When filmmaker-actor-writer Miranda July was approached about narrating the documentary Fire of Love, she didn’t see herself as an obvious choice. “I was like, I don’t know,” she recalls, “I’m not like a narrator per se.” Then there was the subject matter of the film – which has gone on to earn an Oscar nomination – the story of French couple Katia and Maurice Krafft, who gave their lives to the study of volcanology. “What do I know about volcanoes?
Nothing,” July tells Deadline. But then the film took hold of her. “I watched this sort of early version, I guess an early cut.
And I was so shocked that at the end I was really emotional, as if volcanoes were my thing. And I realized, oh, it’s just this devotion that I relate to.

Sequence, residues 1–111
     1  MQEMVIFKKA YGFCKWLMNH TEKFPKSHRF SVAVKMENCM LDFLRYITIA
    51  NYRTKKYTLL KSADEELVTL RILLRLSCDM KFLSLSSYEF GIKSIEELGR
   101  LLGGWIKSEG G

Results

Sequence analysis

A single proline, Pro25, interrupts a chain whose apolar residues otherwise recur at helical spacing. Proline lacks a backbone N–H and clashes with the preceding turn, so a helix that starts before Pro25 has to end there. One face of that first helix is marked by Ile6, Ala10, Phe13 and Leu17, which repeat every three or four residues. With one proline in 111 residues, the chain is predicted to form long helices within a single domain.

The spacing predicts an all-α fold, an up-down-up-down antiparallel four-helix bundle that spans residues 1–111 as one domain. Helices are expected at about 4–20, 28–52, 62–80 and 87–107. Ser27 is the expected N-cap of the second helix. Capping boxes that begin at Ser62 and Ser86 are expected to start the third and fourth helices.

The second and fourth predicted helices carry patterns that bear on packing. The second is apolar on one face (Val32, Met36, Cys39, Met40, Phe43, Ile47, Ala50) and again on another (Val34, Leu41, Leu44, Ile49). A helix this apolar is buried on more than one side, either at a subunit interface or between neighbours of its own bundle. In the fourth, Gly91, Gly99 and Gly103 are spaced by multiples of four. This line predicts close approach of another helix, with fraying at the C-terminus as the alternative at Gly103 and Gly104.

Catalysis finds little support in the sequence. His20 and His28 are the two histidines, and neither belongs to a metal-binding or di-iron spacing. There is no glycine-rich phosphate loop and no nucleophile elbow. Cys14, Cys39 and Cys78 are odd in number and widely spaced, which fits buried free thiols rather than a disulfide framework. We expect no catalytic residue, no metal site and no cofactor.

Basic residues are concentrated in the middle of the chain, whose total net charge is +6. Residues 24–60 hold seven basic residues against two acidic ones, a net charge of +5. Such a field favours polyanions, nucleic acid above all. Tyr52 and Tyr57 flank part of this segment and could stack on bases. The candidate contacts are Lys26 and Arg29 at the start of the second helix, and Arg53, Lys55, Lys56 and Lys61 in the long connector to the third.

That just kind of punched me in the chest or something.” What ultimately convinced July to say yes to narrating was a conversation with director Sara Dosa. “I met Sara over Zoom, and I was like, oh, a lot of that devotion and sort of daring and passion is them, is the Kraffts, but a lot of it is this woman director who is just so emotionally present and there, in a way that I completely related to… We both realized that we process everything through our work.” July makes for an atypical documentary narrator – the antithesis of the “voice of God” authoritative style so common in nonfiction films of an earlier era.Read more on deadline.com